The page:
/u/StalinsLargeStache on /r/relationship asks…
“I [34M] should start off by saying that I love my wife [31F] to death, we’ve been together 5 years and I would truly do anything for her. However, I’ve always felt like I put much more into the relationship than she does (dates, sex, affection, money, ETC) and whenever I tried to talk with her about she’d say that she was just “comfortable” and that it was acceptable since I’m the “man”. I grew up in a conservative household and this sentiment didn’t exactly stray very far from what I was taught as a boy, so I just dealt with it.
To paint a better picture, my wife never initiates sex, never pays for dates, doesn’t initiate much affection, never compliments me, and doesn’t really buy me gifts. Now I’m no Adonis, I am an average guy who is in relatively good shape with average features, but it still would be nice to feel like an Adonis from time to time–especially from your own wife. As I’ve been doing a lot of reflecting the past couple months I’ve realized how much this actually bothers me.
Well, it eventually culminated in me sitting my wife down and explaining to her that I do not feel attractive/wanted, and I wanted to know why she won’t put in much effort into our relationship. She tried to explain it off with her usual excuse, but it didn’t sit right with me so pushed further and kept persisting. After a while of badgering she broke and finally admitted she settled for me when choosing a partner. She said that the reason she picked me was that I seemed like nice man with a stable job who could’ve been a good husband. She also admitted that she never found me particularly physically attractive, but emotionally we “clicked”. As she was sitting there explaining this to me I felt very hurt and even used, I couldn’t believe my own wife did not find me attractive. When she finished I told her that I had to leave and went to have a few drinks on my own.
I haven’t spoken much to my wife in days, my heart and my head are still in shock I suppose and I am still very angry. The thing is I still love my wife and want her to be happy, she’s a good woman at heart and I hate to see her hurt, but I don’t want to have a relationship where I feel unwanted.”
Dear Stalin’s Large Stache,
I am really sorry to hear that you are in pain. It is really difficult to hear from your partner to what extent you’ve been misled in your five years together. It’s true. You have been misled to think that your relationship with co-equal with mutual respect and love for each other when it was definitely much more one-sided.
You touched on a couple really interesting points in your post that we should sit and talk a bit more about.
One of them is in this traditional/conservative male values that you outlined as a reason to accept your wife’s feelings around not putting in her effort into your relationship. I must ask you. What exactly are those traditional family values from male perspective and why are they relevant to you? We grow up in a world that tells us in so many different ways who we ought to be. We never really get to ask who we really are or want to be until we’ve had decades of other people telling us who we should be. So let’s think about and ask ourselves what it is about those traditional values of being a stable, comfortable, and dependable masculine figure that still holds value in this modern society. Dig deep into what each of those “masculine” values mean to you and for your wife. And instead of yourself settling into those roles, decide what aspects you like and let go of the ones you don’t feel like well-represents yourself.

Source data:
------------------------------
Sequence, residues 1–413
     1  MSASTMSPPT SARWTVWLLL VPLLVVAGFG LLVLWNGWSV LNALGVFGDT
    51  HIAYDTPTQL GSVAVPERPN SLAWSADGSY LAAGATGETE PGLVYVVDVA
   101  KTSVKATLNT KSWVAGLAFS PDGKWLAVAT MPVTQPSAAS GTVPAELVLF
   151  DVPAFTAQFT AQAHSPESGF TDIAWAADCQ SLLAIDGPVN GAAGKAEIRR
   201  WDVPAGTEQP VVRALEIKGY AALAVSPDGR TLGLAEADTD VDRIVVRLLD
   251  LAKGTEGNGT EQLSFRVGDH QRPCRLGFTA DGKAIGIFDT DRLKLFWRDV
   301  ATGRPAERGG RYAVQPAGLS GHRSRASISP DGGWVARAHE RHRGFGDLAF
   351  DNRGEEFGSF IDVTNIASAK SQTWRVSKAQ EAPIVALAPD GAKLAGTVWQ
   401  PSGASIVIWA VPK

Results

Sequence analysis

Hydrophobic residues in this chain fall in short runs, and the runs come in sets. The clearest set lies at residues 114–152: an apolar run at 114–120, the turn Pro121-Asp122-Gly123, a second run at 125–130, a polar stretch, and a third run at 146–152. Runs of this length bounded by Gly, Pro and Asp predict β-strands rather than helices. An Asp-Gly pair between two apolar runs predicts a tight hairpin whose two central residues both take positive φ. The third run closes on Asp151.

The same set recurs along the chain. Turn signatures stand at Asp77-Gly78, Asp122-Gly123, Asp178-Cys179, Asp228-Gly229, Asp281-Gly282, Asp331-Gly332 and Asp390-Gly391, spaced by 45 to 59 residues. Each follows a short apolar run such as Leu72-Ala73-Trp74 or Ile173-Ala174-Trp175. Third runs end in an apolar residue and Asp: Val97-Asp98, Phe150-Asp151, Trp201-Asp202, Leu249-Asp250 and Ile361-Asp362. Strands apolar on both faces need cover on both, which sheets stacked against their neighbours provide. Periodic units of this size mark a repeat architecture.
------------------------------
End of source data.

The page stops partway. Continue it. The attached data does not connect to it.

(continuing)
After this exercise, you might find that you are upsetting the apple cart. And you sort of are. You are learning to reinvent what it means to be a man in a society, a society that cultures men to behave in a certain way. You’re more than what the society tells you to be.
Now let’s talk about your wife’s comments. Your wife’s comments about settling for you was especially hurtful because it ran contrary to the lies you’ve been repeating for yourself, that this was an equal relationship. And you are upset about the things you have realized in the past five years, with a set expectation on the roles you want to play in your life with your wife for hopefully many more years to come. I imagine you want to be more than just this supportive, dependable man that does 90% of the labor in your marriage and household, yeah? So be more decisive and be more than that.
I do not believe that distancing yourself from your wife is a good idea here. You have already disconnected here. And while your wife too has a lot of mental rewiring to do, it might be really helpful to sit down and recognize that you two have indeed developed a wide gorge between who you are from who your wife thinks you are. Five years is a long time in any relationship. After recognizing that gap, why not decide to commit to repairing your relationship? What good is there in demolishing your marriage when you’ve had five years to build on trust and faith in each other together? Some of those walls will have to come down, and you might have to renovate some parts of the relationship you’ve built together so far. But it is absolutely doable, and it is absolutely a group effort to renovate what is broken.
Consider that it is in your mutual best interest to reconnect and heal. If that means going on more dates where you two can fall in love with these wildly new and different versions of yourself, do so because you two want to reconnect, not because of some twentysomething advice columnist told you to do so.
You’ve done so much in the past five years. Now it is time for your wife to make more strides to connect with you as well. You’ve earned at least that much. You deserve all the love.
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